3. How did the Gulf War end, and why did U.S. policymakers end it when and how they did? Was it the right decision, or did they make a mistake? What were its strategic and moral consequences? What were the alternative courses of action, and why didn’t they pursue them?

Readings:

 

Discussion Questions:

  1. What was the Clinton Administration’s strategy for dealing with Saddam? How did it evolve over time? Was it the right approach, and was it sustainable? What were the alternatives its critics called for? How plausible were they? What were the assumptions and attitudes about Iraq at the end of the Clinton Administration?
  2. How did the Bush Administration handle Iraq before 9/11? What were the policies and proposals advocated by the newly-installed senior officials when they were out of government in the 1990s? What did they do once they were back in power?
  3. Assume 9/11 never happened—how would the George Bush Administration have approached the problem posed by Saddam Hussein?
  4. Assume Gore-Lieberman defeated Bush-Cheney in 2000—how would the Gore Administration have thought about and approached the problem posed by Saddam Hussein post-9/11?

Readings:

 

Discussion Questions:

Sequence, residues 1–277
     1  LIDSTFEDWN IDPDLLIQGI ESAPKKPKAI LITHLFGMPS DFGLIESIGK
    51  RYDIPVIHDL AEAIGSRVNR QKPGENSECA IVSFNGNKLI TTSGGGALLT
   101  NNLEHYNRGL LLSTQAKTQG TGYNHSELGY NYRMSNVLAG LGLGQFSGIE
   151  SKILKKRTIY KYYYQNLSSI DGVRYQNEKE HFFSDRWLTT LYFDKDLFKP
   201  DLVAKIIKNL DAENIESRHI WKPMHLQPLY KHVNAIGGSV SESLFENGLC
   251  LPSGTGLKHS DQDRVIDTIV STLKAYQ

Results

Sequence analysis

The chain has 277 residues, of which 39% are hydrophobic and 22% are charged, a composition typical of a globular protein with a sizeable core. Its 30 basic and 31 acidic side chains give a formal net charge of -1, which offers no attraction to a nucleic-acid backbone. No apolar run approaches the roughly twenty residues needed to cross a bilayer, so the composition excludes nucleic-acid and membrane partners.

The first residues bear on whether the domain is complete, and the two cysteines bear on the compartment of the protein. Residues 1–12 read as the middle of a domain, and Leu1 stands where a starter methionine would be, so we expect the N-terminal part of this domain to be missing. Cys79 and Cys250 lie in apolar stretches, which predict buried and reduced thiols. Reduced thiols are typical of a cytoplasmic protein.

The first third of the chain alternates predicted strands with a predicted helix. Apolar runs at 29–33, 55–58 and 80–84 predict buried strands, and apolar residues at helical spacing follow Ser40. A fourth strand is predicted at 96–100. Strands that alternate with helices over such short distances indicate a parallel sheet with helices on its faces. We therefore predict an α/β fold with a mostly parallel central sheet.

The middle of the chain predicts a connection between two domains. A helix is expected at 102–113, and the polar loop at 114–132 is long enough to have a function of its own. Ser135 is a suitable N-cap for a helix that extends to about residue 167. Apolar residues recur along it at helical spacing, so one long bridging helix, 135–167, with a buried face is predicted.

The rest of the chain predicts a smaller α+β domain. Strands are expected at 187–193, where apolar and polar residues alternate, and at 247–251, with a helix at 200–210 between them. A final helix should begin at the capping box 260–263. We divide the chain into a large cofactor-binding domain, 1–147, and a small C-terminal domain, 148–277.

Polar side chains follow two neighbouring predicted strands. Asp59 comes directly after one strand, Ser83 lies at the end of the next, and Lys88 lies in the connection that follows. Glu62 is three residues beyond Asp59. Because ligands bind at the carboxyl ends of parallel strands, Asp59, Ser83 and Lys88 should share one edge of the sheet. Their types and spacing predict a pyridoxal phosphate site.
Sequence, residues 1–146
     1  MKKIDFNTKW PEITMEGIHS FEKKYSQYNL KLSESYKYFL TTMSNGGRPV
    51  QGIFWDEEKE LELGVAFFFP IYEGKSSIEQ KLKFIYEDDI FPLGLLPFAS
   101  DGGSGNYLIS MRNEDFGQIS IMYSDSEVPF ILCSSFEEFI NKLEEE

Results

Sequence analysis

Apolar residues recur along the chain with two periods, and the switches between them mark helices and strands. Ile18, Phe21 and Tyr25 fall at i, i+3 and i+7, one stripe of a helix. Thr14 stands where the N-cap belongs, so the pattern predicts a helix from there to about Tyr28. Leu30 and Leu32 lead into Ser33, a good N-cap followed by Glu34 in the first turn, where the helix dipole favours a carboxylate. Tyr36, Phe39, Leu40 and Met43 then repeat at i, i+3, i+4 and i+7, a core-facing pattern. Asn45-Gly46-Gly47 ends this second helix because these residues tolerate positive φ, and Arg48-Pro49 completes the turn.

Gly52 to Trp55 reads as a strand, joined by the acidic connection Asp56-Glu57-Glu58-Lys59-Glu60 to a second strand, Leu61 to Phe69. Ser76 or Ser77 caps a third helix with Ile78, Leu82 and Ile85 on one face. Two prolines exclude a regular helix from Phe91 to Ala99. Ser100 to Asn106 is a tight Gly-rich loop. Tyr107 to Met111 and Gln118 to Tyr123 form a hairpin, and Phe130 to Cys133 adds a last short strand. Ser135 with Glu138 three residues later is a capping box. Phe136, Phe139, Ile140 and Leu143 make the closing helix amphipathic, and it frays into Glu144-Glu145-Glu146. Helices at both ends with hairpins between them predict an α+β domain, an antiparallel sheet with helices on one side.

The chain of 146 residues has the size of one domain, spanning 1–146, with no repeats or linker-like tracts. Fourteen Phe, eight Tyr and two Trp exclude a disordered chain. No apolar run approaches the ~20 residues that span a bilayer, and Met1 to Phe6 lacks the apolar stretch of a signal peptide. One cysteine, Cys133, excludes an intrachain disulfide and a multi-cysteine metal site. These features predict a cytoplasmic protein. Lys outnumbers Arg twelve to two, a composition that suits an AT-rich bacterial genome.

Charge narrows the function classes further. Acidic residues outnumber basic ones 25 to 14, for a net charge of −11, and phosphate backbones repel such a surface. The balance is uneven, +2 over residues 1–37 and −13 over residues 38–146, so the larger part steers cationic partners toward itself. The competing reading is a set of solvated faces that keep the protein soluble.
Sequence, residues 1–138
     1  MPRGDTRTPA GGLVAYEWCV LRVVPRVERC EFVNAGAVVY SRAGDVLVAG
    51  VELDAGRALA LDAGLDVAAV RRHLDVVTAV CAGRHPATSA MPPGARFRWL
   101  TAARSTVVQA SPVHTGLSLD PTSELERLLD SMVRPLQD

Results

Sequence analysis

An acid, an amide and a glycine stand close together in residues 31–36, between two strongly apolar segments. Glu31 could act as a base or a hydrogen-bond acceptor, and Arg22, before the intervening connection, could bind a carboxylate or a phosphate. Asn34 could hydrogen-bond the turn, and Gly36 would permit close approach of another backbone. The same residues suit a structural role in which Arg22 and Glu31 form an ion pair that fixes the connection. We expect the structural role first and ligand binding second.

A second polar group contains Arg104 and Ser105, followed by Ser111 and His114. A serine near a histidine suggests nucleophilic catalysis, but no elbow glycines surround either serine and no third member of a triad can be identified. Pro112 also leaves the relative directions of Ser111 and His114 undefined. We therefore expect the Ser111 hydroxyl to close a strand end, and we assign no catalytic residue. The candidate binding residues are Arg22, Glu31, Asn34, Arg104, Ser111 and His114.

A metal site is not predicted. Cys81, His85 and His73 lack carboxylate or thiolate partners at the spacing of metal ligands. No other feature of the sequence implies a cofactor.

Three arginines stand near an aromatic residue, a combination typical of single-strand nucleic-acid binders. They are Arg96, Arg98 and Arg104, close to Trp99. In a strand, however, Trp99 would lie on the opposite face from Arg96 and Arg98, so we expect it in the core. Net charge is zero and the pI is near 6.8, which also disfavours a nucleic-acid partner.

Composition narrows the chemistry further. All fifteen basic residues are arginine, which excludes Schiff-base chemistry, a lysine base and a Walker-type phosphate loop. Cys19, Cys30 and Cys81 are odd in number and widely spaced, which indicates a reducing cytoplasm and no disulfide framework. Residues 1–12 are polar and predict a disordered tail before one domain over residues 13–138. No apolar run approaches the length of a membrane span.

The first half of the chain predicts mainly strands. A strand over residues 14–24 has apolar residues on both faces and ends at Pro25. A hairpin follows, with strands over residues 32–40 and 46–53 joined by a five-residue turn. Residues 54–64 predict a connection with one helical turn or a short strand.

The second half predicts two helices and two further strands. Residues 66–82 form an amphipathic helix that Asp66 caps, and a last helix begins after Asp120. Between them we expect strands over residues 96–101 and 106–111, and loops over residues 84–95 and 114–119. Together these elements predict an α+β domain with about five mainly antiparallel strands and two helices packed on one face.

1. What changed after 9/11 that led U.S. policymakers and foreign policy thought leaders to advocate invading Iraq? What were the arguments they cited? Who argued against going to war with Saddam, and what were the arguments they deployed?
  2. What role did memory of previous conflicts and analogies to them play in shaping arguments for and against the 2003 invasion of Iraq in 2002–2003? What had been the U.S. experience with military intervention during the 1990s elsewhere in the world, apart from Iraq?
  3. Did advocates of intervention share a common vision for what the U.S. should do in Iraq, and why? If not, what were the divisions, and how did they impact the pre-war planning?
  4. Richard Haass argues that the first Gulf War was a “war of necessity,” whereas the 2003 invasion was a “war of choice.” Is he right?
  5. What were the politics surrounding the congressional debate to go to war in 2003? How did they compare with those of 1991? What was the role of public opinion?

Readings:

Discussion Questions:

  1. What were the most consequential mistakes made by the U.S. in Iraq in the wake of overthrowing Saddam’s regime? What were the alternative policies that might have been adopted in 2003–2004, to what extent were they explored, and why weren’t they adopted?